In the Bus Bag
Unaccustomed Earth, by Jhumpa Lahiri
Monthly Archives: March 2009
A man sitting directly behind me is chatting up the woman next to him.
Man: “Oh, you hurt your finger! Want me to kiss it and make it better?”
Man: “You know, like when you were little, and you hurt yourself, and your mom would kiss it to make it better?”
Woman: “No. Mom wasn’t around. My grandma always said, ‘quit your whining and keep moving.’”
Streetfilms recently shot a short film about the Streetcar.
It doesn’t touch on any of the controvery surrounding the project (or even mention its famous nickname), but it’s fun to watch if you can spare four minutes.
Hans and Shannon, two soon-to-be-married bus types from Capitol Hill, have officially declared March 18th Bus Driver Appreciation Day. (Apparently, there is no such official day–at least not one that they could find record of.) I, for one, am totally on board (sorry, couldn’t resist) and ready to help make it happen. Since this is a new thing, we get to decide how it works. Here’s what I’m thinking:
Next Wednesday, tell every driver whose bus you ride, “Happy Bus Driver Appreciation Day!” Make sure to keep smiling, even if they all look at you like you’re crazy. …
Spring is around the corner (theoretically, at least). In honor, some transit-boosting t-shirts y’all might take a shine to.
The back has a Metro symbol and the word “Nice.” Nice.
This one was designed a little closer to home– by Sarah U., a bus chick from Olympia who is all about showing her transit pride.
As you might already know, I’m a sucker for anything with …
Transportation Freedom Day*
*Added on 3/13/09
What: A celebration with a purpose: to educate Seattleites about their transportation costs
How much does transportation cost you?
Metro Bus Fare: $1.75
Gallon of Gasoline: $2.17
Days the average Seattleite works to pay for yearly transportation costs: 74
Helping Seattle celebrate an earlier Transportation Freedom Day: Priceless
Your transportation costs could surprise you. In the average household, transportation accounts for the second largest drain on family budgets; more than food, health care, and second only to home ownership.
If fact, every dollar you earned …
Despite low gas prices and fewer commuters (no job = no commute), transit ridership continues to rise. In fact, according to the American Public Transportation Association, ridership in 2008 was 4% higher than in 2007 (the highest it’s been in 52 years), while vehicle miles traveled declined by almost the same amount. Transit geeks aren’t the only folks taking note, either. The issue is the top headline on MSNBC today.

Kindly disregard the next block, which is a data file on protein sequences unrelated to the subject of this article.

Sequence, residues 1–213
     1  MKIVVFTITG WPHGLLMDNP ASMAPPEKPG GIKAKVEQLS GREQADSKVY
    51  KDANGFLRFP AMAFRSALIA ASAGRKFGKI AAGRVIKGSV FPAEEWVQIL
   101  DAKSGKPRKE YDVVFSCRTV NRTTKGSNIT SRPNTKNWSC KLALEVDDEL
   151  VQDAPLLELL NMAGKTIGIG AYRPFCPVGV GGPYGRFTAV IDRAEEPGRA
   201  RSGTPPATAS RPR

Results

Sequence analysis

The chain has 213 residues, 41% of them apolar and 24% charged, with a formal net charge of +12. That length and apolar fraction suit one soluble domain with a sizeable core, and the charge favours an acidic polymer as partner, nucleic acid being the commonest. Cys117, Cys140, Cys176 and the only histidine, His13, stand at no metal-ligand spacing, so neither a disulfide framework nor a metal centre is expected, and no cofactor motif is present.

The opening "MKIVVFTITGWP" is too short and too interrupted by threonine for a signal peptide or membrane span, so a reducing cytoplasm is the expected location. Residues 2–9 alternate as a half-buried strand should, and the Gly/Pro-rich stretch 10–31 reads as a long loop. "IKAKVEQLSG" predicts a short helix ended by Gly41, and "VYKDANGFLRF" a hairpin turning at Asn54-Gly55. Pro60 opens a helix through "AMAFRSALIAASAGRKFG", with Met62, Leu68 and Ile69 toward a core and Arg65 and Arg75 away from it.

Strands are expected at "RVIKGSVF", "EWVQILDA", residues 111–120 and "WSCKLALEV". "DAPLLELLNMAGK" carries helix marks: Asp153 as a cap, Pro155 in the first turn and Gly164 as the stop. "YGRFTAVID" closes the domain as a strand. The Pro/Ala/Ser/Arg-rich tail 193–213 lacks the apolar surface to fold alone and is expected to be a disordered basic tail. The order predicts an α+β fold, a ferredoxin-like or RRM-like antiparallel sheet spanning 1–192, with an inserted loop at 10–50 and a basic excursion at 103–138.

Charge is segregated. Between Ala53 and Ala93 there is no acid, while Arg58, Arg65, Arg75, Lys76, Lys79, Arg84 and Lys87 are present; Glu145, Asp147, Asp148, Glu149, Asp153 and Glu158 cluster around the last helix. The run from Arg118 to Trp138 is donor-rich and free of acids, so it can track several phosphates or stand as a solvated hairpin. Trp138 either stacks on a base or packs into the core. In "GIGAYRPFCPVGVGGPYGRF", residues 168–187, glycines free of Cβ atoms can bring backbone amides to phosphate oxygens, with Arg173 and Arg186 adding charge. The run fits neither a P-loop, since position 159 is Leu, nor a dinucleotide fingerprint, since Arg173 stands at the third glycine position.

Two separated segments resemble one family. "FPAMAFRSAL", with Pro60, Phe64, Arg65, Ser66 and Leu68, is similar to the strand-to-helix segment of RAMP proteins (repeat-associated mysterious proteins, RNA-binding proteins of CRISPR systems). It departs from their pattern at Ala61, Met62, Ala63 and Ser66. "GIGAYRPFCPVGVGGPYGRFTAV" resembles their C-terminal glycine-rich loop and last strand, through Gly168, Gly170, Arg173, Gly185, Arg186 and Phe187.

I spotted this book-loving young bus chick on a southbound 48 (yes, I do ride other routes) the other day.
I was planning to ask her what she was reading on my way out, but she got off before I did. My guess? Based on the book’s size and the intensity of her focus: Lord of the Rings.* Which reminds me: A few weeks ago, on the 14, I saw a bus chick of about the same age with her nose buried …
I have chosen to live without a car for many reasons. Some that are most important to me: cars’ detrimental impact on human health and on both the built and natural environments. And yet, because I am car-free (and therefore require convenient access to transit and useful services), I live at the intersection of two very busy–and not in a good way–streets. Don’t get me wrong, I love living in the city–specifically, this one–and I don’t mind dealing with the associated activity/chaos. I just wish it was a city with more (better) transit, more bikes, more foot …
More snow (?!) is expected this weekend (conveniently, the same weekend as a bus fam planned excursion to Issaquah). The good news is that Metro is working hard to improve its (previously abysmal) adverse-weather communication with customers. From a KC Metro press release:
With snow again in the forecast, King County Metro Transit is gearing up to keep buses moving and to keep riders better informed…
In the event of a snowstorm this weekend, King County will use the Twitter social-networking system and a county blog posted prominently on www.kingcounty.gov to provide all known Metro service disruptions related to …
And this was just a fraction of them:
Three stops in a row were packed (as they are every weekday at 2:30) with energetic, just-released adolescents. It’s faster to walk those five blocks than it is to wait through all the loading drama and then creep along on a vehicle filled far, far beyond capacity. And forget about getting off.
Did I mention that the 48 passes five high schools (that I know of)?